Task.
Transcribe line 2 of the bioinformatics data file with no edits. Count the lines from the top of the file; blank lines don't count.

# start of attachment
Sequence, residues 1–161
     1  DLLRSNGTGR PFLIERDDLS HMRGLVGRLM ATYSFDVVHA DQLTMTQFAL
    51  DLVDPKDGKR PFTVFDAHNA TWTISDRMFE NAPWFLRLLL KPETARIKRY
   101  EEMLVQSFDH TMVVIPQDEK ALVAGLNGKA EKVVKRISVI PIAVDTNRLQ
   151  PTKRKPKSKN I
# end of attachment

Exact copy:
     1  DLLRSNGTGR PFLIERDDLS HMRGLVGRLM ATYSFDVVHA DQLTMTQFAL